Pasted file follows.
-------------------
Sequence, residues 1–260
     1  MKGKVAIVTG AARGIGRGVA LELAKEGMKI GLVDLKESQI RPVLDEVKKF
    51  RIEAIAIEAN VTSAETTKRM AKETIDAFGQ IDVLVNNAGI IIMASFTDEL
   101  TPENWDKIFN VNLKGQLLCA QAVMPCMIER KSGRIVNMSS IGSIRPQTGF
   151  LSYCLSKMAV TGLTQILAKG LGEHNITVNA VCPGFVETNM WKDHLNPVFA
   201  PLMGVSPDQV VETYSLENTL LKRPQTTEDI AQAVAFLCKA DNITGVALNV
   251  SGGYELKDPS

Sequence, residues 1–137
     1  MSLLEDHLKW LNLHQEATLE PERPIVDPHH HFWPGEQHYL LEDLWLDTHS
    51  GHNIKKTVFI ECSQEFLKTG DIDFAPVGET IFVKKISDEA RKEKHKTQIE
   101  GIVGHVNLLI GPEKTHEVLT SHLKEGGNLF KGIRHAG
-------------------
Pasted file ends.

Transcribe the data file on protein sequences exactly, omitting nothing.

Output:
Sequence, residues 1–260
     1  MKGKVAIVTG AARGIGRGVA LELAKEGMKI GLVDLKESQI RPVLDEVKKF
    51  RIEAIAIEAN VTSAETTKRM AKETIDAFGQ IDVLVNNAGI IIMASFTDEL
   101  TPENWDKIFN VNLKGQLLCA QAVMPCMIER KSGRIVNMSS IGSIRPQTGF
   151  LSYCLSKMAV TGLTQILAKG LGEHNITVNA VCPGFVETNM WKDHLNPVFA
   201  PLMGVSPDQV VETYSLENTL LKRPQTTEDI AQAVAFLCKA DNITGVALNV
   251  SGGYELKDPS

Sequence, residues 1–137
     1  MSLLEDHLKW LNLHQEATLE PERPIVDPHH HFWPGEQHYL LEDLWLDTHS
    51  GHNIKKTVFI ECSQEFLKTG DIDFAPVGET IFVKKISDEA RKEKHKTQIE
   101  GIVGHVNLLI GPEKTHEVLT SHLKEGGNLF KGIRHAG